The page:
1. re: mucho gordo
                            Veggo Aug 1, 2013 01:37 PM

                            It lasted about 30 years.

                      2. RealMenJulienne Jul 31, 2013 07:12 AM

                        I can tolerate a raw oyster, for politeness's sake, from time to time. The idea of eating 2 dozen or more is making me want to puke up my breakfast. I imagine it's like swallowing a bucket of seawater.

                        1 Reply
                        1. re: RealMenJulienne
                          Delucacheesemonger Jul 31, 2013 07:37 AM

                          Thanks for the image, l indeed hope you do puke up your breakfast.

                        2. pinehurst Jul 31, 2013 07:21 AM

                          2 doz? No, not from my experience, assuming (as other posters have wisely opined) that all things are clean and fresh. I have consumed 4 doz oysters/cherrystones (in combination, at a wedding) at once with no ill effects except a gluttonous desire for more. If I could find 2 doz good oysters for a good price in my neck of the woods, I'd happily have them for a summer supper.

                          4 Replies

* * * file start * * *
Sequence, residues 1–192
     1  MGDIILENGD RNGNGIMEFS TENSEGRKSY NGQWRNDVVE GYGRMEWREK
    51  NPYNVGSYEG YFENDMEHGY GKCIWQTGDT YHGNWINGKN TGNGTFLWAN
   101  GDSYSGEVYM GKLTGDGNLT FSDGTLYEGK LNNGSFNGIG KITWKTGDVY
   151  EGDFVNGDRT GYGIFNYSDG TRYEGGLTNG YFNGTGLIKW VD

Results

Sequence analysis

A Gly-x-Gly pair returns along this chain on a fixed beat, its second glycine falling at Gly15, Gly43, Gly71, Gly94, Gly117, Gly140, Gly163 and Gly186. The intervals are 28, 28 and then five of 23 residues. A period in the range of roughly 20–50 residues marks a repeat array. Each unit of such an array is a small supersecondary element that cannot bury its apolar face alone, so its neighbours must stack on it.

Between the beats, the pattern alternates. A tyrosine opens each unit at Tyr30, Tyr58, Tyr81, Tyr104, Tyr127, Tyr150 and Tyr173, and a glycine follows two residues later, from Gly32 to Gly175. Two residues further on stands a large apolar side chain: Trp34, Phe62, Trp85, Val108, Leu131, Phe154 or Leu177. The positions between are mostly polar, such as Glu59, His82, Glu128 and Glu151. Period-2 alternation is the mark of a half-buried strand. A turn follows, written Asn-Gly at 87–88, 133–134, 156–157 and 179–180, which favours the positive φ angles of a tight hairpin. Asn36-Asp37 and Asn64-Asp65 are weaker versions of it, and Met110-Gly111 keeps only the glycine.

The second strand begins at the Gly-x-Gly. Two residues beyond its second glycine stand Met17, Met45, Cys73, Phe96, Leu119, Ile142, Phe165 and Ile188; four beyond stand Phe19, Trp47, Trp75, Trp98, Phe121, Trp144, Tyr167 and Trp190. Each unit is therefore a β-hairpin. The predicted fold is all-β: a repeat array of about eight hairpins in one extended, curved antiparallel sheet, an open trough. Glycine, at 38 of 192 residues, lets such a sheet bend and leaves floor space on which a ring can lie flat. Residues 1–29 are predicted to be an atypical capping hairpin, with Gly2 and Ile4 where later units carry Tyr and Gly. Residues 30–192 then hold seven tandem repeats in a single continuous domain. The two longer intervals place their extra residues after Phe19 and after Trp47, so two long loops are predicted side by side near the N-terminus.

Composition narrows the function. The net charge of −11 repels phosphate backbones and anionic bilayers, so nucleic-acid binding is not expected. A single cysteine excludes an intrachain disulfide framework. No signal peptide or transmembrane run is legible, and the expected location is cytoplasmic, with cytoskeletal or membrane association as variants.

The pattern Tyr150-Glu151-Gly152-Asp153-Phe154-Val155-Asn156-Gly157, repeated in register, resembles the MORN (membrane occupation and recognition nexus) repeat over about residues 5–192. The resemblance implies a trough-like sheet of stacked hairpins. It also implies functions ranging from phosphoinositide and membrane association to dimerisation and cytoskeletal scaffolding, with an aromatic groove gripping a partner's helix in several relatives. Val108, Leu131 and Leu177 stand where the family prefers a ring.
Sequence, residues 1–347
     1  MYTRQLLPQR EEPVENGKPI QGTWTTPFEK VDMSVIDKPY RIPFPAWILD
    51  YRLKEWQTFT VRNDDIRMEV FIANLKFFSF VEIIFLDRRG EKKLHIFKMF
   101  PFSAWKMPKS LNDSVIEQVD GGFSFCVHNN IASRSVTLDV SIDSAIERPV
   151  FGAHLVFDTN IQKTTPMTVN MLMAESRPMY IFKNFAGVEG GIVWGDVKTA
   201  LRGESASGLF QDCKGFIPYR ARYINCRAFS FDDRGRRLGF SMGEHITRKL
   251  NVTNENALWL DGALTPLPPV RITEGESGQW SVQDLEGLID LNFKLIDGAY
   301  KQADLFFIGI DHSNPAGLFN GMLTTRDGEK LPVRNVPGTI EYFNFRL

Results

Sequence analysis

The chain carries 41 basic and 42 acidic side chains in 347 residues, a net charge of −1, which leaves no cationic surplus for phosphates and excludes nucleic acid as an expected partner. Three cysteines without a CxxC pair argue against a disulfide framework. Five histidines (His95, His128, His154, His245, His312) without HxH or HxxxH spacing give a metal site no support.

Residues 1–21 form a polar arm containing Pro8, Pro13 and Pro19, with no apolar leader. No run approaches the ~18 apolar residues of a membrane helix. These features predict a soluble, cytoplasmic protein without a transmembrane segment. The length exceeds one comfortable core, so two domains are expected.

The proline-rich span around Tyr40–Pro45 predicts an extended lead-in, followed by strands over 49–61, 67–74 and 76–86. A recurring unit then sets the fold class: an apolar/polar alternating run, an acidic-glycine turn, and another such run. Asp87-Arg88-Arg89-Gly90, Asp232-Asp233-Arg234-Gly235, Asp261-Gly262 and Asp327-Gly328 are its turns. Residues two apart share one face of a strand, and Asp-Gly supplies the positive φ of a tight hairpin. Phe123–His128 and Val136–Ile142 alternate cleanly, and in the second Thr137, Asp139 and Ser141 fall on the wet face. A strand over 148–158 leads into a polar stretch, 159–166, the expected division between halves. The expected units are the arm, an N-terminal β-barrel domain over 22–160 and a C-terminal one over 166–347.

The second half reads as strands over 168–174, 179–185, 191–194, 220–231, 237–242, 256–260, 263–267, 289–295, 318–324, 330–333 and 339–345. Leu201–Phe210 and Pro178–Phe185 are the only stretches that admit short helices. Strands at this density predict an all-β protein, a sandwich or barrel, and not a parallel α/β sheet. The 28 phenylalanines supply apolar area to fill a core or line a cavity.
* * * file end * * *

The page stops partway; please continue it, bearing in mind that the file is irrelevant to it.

1. re: pinehurst
                            Veggo Jul 31, 2013 07:30 AM

                            For 14 straight years, I ate about 100 cherrystones on the patio during the Friday cocktail party at my Boston golf tournament. And a few chilled vodka shots.

                            1. re: Veggo
                              pinehurst Jul 31, 2013 07:31 AM

                              That sounds pretty damn good, V.

                              1. re: pinehurst
                                Veggo Jul 31, 2013 07:35 AM

                                As good as it gets. It was at TCC in Brookline.

                                1. re: Veggo
                                  C. Hamster Jul 31, 2013 07:48 AM

                                  Nice venue!

                          2. c oliver Jul 31, 2013 07:50 AM

                            Here's some data and general info:

                            http://www.marketwatch.com/story/why-...

                            1. Infomaniac Aug 1, 2013 10:43 AM